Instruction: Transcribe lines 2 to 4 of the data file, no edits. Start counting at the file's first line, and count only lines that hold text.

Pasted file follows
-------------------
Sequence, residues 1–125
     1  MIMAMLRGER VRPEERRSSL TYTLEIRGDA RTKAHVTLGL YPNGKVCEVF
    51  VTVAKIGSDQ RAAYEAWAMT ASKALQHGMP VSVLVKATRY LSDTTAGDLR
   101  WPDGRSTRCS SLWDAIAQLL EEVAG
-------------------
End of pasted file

     1  MIMAMLRGER VRPEERRSSL TYTLEIRGDA RTKAHVTLGL YPNGKVCEVF
    51  VTVAKIGSDQ RAAYEAWAMT ASKALQHGMP VSVLVKATRY LSDTTAGDLR
   101  WPDGRSTRCS SLWDAIAQLL EEVAG